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News, features and events from the College of Biological Sciences


Meet a few of the College of Biological Sciences faculty using their biology expertise to develop commercial solutions to environmental, health and education needs.


Larry Wackett never planned to get involved in translational research, but in the mid-2000s he realized that he might have a solution to a pressing problem: melamine contamination in china's milk supply. In 2008, reports began rolling in about milk and infant formula tainted with melamine, a chemical that gives the appearance of higher protein content. Hundreds of thousands of people, including many children and babies, fell ill. But without a test that could be used in the field and provide on-the-spot results, identifying the source of the melamine remained problematic.

Anita Schuchardt observed the effectiveness of integrating STEM disciplines as a high school science teacher. Now, the new BTL faculty member wants to show why concept-based learning works.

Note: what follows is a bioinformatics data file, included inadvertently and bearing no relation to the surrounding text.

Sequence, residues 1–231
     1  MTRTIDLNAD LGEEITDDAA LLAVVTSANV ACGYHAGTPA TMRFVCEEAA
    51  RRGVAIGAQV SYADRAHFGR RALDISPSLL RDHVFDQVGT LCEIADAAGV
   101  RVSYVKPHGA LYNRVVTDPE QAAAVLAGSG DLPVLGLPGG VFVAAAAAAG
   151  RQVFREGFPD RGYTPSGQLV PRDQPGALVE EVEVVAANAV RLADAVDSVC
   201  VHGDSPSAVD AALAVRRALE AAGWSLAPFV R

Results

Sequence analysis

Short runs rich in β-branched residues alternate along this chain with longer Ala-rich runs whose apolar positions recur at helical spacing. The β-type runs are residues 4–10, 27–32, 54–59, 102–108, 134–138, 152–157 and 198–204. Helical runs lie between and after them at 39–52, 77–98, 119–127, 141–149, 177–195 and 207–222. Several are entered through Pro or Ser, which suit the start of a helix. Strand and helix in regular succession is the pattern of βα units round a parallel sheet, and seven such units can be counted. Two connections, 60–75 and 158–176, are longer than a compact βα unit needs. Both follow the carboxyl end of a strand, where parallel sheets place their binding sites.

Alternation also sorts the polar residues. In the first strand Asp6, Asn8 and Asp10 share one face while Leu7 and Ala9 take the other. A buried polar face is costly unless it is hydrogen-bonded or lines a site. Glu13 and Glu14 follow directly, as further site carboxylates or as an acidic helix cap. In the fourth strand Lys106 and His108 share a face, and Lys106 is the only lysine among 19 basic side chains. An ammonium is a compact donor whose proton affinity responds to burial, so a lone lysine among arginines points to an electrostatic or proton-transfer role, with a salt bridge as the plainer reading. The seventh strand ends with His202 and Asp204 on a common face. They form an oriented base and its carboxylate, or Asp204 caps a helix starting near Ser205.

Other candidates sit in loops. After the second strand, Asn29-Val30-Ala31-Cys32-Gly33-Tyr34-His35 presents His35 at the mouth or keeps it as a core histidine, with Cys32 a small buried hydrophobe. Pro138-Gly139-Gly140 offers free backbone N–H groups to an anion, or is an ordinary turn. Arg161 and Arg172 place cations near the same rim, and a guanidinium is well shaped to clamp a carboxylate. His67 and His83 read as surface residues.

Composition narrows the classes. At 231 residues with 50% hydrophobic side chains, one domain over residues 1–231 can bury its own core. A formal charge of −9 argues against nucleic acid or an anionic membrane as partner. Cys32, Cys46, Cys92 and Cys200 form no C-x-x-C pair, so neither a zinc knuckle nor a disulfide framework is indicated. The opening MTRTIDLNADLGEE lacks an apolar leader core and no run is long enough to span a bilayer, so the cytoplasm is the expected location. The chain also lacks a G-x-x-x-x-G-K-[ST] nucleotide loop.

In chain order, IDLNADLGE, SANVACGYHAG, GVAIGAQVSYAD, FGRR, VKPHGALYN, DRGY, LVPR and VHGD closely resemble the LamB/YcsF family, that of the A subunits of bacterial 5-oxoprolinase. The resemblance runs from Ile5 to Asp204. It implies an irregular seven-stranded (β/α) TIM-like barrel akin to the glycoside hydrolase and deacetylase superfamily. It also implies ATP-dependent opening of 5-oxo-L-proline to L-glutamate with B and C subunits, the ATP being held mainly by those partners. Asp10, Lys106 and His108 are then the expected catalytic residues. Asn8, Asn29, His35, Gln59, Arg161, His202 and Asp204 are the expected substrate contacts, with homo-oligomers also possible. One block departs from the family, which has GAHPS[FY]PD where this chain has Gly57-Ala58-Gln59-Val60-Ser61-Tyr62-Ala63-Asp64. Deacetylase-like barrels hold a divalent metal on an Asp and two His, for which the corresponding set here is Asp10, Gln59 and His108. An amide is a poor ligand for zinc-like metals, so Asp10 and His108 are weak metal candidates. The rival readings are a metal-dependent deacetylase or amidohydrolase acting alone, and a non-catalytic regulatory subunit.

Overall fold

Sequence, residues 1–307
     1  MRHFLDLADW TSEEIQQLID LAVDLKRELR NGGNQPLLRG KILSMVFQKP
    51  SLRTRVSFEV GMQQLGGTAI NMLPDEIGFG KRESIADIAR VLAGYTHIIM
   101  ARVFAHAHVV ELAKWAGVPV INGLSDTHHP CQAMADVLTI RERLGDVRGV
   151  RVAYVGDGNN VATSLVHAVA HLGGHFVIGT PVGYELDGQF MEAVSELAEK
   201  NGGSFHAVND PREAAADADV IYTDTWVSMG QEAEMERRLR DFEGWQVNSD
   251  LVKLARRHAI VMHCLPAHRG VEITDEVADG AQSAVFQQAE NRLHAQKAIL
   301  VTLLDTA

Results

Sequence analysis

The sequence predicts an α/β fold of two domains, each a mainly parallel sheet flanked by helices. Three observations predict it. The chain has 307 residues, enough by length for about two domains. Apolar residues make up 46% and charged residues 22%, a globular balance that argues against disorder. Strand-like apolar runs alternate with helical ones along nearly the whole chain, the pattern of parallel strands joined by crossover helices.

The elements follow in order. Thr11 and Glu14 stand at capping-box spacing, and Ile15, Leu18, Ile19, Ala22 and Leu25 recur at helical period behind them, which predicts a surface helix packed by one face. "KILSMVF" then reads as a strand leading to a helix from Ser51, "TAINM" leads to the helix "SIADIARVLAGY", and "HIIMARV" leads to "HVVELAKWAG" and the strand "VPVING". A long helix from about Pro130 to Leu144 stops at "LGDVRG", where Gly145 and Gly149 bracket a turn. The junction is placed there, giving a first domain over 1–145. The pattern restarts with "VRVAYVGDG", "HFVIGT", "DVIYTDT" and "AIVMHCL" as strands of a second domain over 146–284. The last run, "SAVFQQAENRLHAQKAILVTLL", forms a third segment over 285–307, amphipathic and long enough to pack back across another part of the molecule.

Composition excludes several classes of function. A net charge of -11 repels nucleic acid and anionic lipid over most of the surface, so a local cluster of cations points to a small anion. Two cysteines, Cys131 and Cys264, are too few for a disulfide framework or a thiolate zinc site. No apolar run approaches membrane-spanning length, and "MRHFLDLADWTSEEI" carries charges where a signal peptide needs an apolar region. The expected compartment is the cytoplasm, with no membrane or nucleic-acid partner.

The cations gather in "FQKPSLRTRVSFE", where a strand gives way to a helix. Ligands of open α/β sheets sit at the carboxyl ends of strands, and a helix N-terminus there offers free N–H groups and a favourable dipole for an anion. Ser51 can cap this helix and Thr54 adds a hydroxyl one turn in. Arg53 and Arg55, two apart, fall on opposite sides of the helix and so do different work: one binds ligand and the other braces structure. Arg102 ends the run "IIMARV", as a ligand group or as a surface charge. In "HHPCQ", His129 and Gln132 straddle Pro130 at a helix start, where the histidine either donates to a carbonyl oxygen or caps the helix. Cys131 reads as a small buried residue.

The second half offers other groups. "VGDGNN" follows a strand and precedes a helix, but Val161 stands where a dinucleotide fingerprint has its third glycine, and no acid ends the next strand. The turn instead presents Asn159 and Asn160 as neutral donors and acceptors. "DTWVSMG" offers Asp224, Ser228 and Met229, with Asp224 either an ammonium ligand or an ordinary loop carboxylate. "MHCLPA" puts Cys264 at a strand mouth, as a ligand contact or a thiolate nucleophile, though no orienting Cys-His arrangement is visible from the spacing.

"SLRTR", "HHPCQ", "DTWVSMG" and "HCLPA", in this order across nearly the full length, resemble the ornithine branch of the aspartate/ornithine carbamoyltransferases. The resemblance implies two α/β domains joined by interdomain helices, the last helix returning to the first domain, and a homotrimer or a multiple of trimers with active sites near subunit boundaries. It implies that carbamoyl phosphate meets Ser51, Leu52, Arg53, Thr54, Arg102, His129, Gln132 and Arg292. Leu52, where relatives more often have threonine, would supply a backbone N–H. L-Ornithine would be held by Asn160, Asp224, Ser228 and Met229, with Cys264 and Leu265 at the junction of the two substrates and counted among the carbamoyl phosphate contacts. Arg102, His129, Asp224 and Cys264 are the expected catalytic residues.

Anita Schuchardt

Anita Schuchardt knows that teaching biology by emphasizing concepts and using math to unlock student understanding of biological processes works. She recently joined the Department of Biology Teaching and Learning with an eye to adding to our understanding of eactly why it works.

Schuchardt’s path to becoming a biology education innovator began after completing a doctorate in genetics and conducting post-doc research on how nerves grow in the spinal cord at Columbia University. Once her post-doc appointment wrapped up, she switched gears and headed back into the classroom. She moved to Pittsburgh and into a high school teaching position where she developed a keen interest in how students learn science.